For a while, I could feel parts of my core heating up, protecting my body. I felt the chill on my toes, finger tips, and inner arms. I could even feel my shoulder blades warming up. I went through a stretch were I felt very comfortable. The sun was warm on my back and arms, which I tried to focus on and soak in. That mental exercise has been my favorite with the cold- I close my eyes, relax my jaw, and focus on the heat on my skin. Stroke after stroke, inhale and exhale, I try to feel only that- the sun. Even when it's cloudy, I practice this. I now think it's magic. 

    I also went through a stretch were I felt cold. It was around 3.5-4.5 hours. The wind had picked up and the water temperature dropped a degree. I felt my toes go numb and my teeth hurt a bit. I had a few thoughts of nervousness- not that I couldn't stand it, but that it would get colder and my body would feel worse. But it didn't, and even feeling that was interesting. It's really quite impressive how our bodies protect themselves. 

    Around 4.5 hours, I was feeling excited that I would finish. I knew I would about 2 hours in, but now I was excited. I took it in and enjoyed it- I slowed down a bit. Joe told me, but I knew it. Swimming for time is a lot of fun. I've never experienced it before on such a large and specifc scale. I've always swam trying to get somewhere. The other side. The finish line. It was wonderful knowing that even kicking on my back was part of it. It didn't get me far- but it was fun. 

    This is my Happy Mother's day message we sent my mom. My hands are making a heart- hard to see- but she got it. :)

    I know I've said it before, but I'll say it again, my crew is the best. My wonderful fiancé, Joe Mahach, one of my best friends, Krista Mahler, and my dad, Jack Pumphrey, are the perfect combination of support.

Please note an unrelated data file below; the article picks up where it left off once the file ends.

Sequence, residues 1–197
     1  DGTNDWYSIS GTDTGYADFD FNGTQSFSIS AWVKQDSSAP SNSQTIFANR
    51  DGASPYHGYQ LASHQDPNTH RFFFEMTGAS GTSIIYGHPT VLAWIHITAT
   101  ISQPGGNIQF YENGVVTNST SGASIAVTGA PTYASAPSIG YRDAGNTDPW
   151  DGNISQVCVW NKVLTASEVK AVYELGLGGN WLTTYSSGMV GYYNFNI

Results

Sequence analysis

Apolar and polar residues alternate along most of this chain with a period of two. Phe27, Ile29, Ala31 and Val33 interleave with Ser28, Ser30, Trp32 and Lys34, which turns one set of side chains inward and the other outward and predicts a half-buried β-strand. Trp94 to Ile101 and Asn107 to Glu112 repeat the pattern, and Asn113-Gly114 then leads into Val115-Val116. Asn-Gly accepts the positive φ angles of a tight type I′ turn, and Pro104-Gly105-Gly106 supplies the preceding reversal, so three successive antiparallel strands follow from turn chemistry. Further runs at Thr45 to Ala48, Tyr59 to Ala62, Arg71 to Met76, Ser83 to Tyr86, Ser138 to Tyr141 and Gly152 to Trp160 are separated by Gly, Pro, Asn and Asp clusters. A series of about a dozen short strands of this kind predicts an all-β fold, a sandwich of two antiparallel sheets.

Over the course of the swim, they charted the course and my dad drove the boat- not an easy feat when you are traveling at swimmer speed. Joe and Krista tracked the water temperature, my speed and stroke rate, prepared warm drinks, "cookie water," and Gu. They monitored my condition, mental and physical and with the white board they made me smile with messages, kept my pace up, my mind focused, and entertained me when I needed it. My dad even facetimed with my sister- I could hear her cheering!

    My favorite "mental tests," some of which Krista & Joe gave me, some I did on my own included: naming Jungle Book characters (Joe + Krista knew more than me, but we did learn the the girl's name is "the girl"), sending messages to my mom & sister via text (Lick Luck, Laura), quoting Marcell the Shell, repeating over a over again "A tiny horse!" because of the toy horse I had found in the pool, and playing 20 questions.

    20 questions- I was to think of an animal while I swam and they asked questions via the white board. I would wave my hand no or give a thumbs up while I keep swimming. The game got slightly confusing when I briefly forgot the definition of a mammal- my confusion, which I did stop for a moment and explain, I got confused, but not hypothermia confused, I'm really okay! So, naturally, Joe then guessed penguin, the correct answer, because he knows me, not because my clues were helpful. A penguin is a bird, Katie, a bird. I knew this then, I know it now, but in the moment, it was a lot to think about. (hehe)

    My point about the mental tests is that while my crew was extremely safe in paying attention to my condition, they also made it so fun. I love open water swimming, and I am beyond excited I was prepared enough to enjoy the 6 hours in the cold water, but I love swimming with Joe, Krista, and my Dad beside me. They know when to push me, when to be honest, be silly, they know when to lie or tell me not to worry about it.  They know me.